Study Cites Privacy Leadership Initiative's Role in Shaping Online Privacy PracticesWeb sites offering consumers more notice and choice, survey finds
March 28, 2002, Washington, DC - The Privacy Leadership Initiative (PLI) is a leader in helping the online marketplace respond to consumer privacy concerns, according to a major study by the Progress & Freedom Foundation. The report found that Web sites are collecting less personal information and offering greater consumer choice than in a comparable survey conducted by the Federal Trade Commission two years ago.
David M. Klaus, executive director of the PLI, said, "This study confirms that businesses are getting the message: consumers expect businesses to address their concerns about privacy. The PLI has take a leadership role to help companies implement strong privacy protections, and they're quickly finding that good privacy policies are a competitive advantage."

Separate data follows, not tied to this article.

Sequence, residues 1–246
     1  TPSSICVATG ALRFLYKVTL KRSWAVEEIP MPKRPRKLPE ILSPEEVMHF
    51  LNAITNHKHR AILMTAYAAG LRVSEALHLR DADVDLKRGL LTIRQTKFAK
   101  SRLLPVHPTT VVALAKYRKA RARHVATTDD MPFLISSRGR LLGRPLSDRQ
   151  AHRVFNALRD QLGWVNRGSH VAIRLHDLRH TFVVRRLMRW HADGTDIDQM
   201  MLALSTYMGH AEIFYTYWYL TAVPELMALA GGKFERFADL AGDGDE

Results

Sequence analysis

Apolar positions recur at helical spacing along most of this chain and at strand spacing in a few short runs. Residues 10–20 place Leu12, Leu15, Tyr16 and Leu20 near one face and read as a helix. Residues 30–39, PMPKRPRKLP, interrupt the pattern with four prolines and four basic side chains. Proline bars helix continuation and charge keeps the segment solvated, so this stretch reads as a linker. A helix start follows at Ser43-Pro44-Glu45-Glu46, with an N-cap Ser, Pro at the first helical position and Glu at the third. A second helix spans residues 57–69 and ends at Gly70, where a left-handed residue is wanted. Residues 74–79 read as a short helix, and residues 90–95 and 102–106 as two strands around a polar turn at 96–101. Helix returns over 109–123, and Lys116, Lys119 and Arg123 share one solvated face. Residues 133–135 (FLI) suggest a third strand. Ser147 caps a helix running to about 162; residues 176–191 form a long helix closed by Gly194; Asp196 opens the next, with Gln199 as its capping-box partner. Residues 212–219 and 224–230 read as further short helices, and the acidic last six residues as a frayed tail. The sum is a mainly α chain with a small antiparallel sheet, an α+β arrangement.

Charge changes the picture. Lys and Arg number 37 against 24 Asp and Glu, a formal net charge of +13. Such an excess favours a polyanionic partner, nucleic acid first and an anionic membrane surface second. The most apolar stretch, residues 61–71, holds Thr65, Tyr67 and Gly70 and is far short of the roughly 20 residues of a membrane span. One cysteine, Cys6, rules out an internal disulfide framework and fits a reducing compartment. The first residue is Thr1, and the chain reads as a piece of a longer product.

"Businesses operating in the online environment appear to be treating consumer concerns seriously," the study says. The PLI "has instituted a number of programs aimed both at businesses and consumers." Among the PLI initiatives mentioned are "Privacy Made Simple," an online resource for small and medium-sized businesses; consumer education through banner ad and radio campaigns; and the Privacy Toolbox, developed in conjunction with the Internet Education Foundation.
The complete study is available at the Progress and Freedom Foundation's Web site, www.pff.org.
ABOUT THE PRIVACY LEADERSHIP INITIATIVE (PLI)
The PLI is a partnership of CEOs from major corporations and leading business associations who believe individuals should be able to choose what and how personal their information is used. Through research and education, the PLI is working to help businesses put appropriate privacy practices in place, inform consumers about steps they can take to protect their own privacy, and provide thoughtful research to help give consumers greater confidence in the benefits they can derive from the responsible use of information. For more information, please visit our Web site at http://www.understandingprivacy.org.